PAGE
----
Because of this trend, in late 2017, Behaviorial Health of Cambria County and Magellan Healthcare, the company contracted under BHoCC to provide behavioral health managed care to county residents on Medicaid, partnered to provide the first ever Cambria County Suicide Prevention Summit with keynote speaker Kevin Hines, a bestselling author, global public speaker, and award winning documentary filmmaker who attempted to take his own life by jumping off the Golden Gate Bridge. His film, Suicide: The Ripple Effect, focuses on the devastating effects of suicide, but also the positive effects that advocacy, inspiration, and hope can have in helping people heal and stay alive. The event was attended by over 200 people.
As a part of this summit, several needs were identified, one being the development of a county-wide task force. Only a little over half of the 67 counties in the commonwealth have such a group. In February 2018, the Cambria County Suicide Prevention Task Force held its first meeting. Byron Smith, a parent suicide loss survivor who spoke at the summit, was asked to chair the group – he and his wife Donna took on the job together.
Part of what drives the Smiths, who are retired and live in Davidsville, is the experience they went through back in 2012 when their son Devin died by suicide at age 32. Devin was a happy kid with a kind heart, but as he got older he struggled with depression and years of alcohol and drug abuse.
“Eventually he wanted the pain to stop, so he took his life,” says Donna. “We probably were in shock the first six months to a year. After that we looked for some support groups and found one to go to, but the attendance was poor. Since then the group has been disbanded. Trying to find a counselor was difficult because no one was taking on patients and there wasn’t anyone at the time that dealt with loss from suicide. If there had been any information pertaining to loss suicide survivor support we would have welcomed it.”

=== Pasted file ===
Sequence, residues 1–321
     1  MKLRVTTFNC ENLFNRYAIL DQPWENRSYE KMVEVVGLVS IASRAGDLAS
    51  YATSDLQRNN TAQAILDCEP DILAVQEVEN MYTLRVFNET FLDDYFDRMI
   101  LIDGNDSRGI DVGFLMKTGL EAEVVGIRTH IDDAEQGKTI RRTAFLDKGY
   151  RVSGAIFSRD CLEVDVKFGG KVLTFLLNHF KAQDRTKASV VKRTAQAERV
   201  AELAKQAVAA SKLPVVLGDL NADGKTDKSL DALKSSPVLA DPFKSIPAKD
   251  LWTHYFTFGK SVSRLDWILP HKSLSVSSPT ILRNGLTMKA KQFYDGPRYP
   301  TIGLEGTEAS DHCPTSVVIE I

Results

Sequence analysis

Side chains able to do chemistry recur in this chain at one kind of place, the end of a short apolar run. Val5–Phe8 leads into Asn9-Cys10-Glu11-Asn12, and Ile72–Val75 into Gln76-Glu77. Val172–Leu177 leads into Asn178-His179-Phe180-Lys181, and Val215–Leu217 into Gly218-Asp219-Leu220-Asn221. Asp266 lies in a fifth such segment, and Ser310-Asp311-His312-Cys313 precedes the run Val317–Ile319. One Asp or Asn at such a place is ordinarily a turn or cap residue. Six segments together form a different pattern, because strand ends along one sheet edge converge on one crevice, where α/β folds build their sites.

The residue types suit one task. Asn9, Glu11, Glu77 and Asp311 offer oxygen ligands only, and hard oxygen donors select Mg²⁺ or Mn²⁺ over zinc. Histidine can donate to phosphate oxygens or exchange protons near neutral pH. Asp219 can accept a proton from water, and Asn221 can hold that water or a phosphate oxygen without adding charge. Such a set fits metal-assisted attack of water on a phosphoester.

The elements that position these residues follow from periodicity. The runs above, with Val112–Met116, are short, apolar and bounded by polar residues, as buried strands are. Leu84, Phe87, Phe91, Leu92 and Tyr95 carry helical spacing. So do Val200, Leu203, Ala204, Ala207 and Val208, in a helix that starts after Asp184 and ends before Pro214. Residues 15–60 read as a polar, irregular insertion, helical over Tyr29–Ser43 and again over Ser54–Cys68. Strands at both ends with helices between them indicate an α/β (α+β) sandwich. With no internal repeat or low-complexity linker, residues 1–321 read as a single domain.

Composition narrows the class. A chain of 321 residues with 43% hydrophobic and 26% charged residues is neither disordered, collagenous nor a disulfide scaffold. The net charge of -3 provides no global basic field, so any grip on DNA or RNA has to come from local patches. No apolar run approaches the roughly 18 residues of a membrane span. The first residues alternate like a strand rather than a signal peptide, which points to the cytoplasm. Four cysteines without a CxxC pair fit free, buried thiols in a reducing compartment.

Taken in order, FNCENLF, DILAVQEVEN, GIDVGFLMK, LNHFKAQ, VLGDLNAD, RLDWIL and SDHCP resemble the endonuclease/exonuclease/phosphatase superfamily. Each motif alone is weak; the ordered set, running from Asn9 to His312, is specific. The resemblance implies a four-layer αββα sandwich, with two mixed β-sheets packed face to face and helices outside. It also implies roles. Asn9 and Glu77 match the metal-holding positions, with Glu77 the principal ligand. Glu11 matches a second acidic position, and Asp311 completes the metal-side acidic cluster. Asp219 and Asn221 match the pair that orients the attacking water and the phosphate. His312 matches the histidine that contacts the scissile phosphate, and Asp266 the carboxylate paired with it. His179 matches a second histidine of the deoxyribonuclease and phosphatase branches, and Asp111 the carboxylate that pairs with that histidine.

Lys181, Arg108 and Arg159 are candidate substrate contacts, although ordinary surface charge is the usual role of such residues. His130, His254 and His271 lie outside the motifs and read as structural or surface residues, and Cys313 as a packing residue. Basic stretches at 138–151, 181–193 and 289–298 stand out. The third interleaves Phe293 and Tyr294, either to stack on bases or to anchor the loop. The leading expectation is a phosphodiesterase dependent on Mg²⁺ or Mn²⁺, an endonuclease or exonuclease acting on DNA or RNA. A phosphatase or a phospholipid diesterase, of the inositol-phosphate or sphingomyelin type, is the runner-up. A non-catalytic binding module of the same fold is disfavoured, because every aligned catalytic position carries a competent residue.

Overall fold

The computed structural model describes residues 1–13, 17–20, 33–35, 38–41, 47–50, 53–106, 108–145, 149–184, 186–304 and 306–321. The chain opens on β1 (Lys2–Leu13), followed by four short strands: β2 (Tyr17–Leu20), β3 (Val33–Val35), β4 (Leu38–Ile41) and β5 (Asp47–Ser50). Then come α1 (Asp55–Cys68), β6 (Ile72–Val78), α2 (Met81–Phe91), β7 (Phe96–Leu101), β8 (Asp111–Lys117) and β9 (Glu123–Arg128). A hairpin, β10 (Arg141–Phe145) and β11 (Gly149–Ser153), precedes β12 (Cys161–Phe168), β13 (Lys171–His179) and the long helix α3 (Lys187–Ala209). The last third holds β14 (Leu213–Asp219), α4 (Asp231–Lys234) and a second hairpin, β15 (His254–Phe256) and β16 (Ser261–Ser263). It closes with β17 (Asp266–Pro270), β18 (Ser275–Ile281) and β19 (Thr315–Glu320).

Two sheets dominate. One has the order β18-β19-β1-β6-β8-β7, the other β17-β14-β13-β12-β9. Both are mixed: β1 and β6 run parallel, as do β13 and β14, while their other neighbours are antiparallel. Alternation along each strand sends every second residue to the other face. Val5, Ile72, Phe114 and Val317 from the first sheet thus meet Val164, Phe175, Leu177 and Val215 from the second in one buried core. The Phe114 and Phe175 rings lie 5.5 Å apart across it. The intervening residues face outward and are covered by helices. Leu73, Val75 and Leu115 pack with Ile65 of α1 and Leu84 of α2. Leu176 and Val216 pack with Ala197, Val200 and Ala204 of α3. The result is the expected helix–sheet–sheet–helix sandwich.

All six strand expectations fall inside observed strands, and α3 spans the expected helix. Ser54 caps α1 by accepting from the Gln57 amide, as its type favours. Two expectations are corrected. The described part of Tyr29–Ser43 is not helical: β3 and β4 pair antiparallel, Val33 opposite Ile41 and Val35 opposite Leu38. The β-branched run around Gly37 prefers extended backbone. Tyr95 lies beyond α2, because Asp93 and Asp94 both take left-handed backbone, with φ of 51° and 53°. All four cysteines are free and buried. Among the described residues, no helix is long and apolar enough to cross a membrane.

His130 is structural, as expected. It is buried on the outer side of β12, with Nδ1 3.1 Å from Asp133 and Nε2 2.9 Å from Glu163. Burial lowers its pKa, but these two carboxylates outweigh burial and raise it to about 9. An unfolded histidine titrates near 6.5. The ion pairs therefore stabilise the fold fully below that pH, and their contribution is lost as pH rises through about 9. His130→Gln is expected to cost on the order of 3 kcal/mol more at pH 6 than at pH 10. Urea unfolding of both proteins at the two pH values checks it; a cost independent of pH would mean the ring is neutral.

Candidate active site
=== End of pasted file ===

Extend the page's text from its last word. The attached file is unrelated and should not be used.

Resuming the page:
While the Smiths agree that the Task Force is still in its infancy, “membership and commitment has been remarkable,” says Donna. “(There’s a) very good cross section of participants with agencies, legislators and private individuals and the list continues to grow.” Members of the task force include staff from BHoCC, Magellan Health, Nulton Diagnostic and Treatment Center, American Foundation for Suicide Prevention, Peerstar LLC, Cambria County Reach Line, PA Link to Aging and Disability Resources, Christian Home of Johnstown, Vet Advisor, Cove Forge Renewal Center, Pennsylvania Army National Guard, DuBois Vet Center, Home Nursing Agency Healing Patch, Alleghenies United Cerebral Palsy, Alternative Community Resource Program, and Highlands Health Clinic, as well as the county commisioners’ and coroner’s offices.
CCSPTF has developed a number of sub-committees, each working on a set of goals, mostly aimed at providing resources to the community. Of primary importance is awareness. Even in 2019, when phrases like trigger warnings and self care pop up on social media almost as frequently as selfies, talking about mental health and suicide can still be difficult because of years of cultural shame and stigma.
Stephanie Fry, vice-chair of the task force, knows that the need for mental health services and suicide crisis intervention is great. She’s the community relations specialist for the Cambria County Reach Line, a 24/7 hotline and mobile service that provides mental health crisis triage and brief crisis counseling as well as face-to-face assessments. In 2018, Cambria Reach received 5,424 telephone calls and made 1,404 in-person visits.
“Crisis is a needed service in this county,” she says. “Crisis is an emergency service, like ambulance or police, but specific to mental health needs. When someone is feeling severely depressed or apathetic about life and (feel) they have no one to talk to, crisis provides them a judgment-free space to talk and to get hooked up with the help and resources they need to get on the road to mental health recovery. It is life and death, just like medical doctors or nurses. Crisis workers are heroes to me. They sit with people in their darkest hour and they help them find the light out of it.”
One very visible way the task force raises awareness is through the annual Out of Darkness Walk, held in conjunction with the American Foundation for Suicide Prevention. Last year’s event saw 228 participants in 23 teams raise nearly $13,000. This year’s walk is Sept. 7.
“AFSP Out of the Darkness Walks connect people who are passionate about suicide awareness and prevention, often because these individuals have a personal experience or connection, and they feel deeply about reducing the stigma around mental health and suicide,” says Fry, who also chairs the walk sub-committee. “These walks, including our Cambria Walk, really are an uplifting experience to honor those we’ve lost to suicide and to connect people to resources to prevent more deaths.”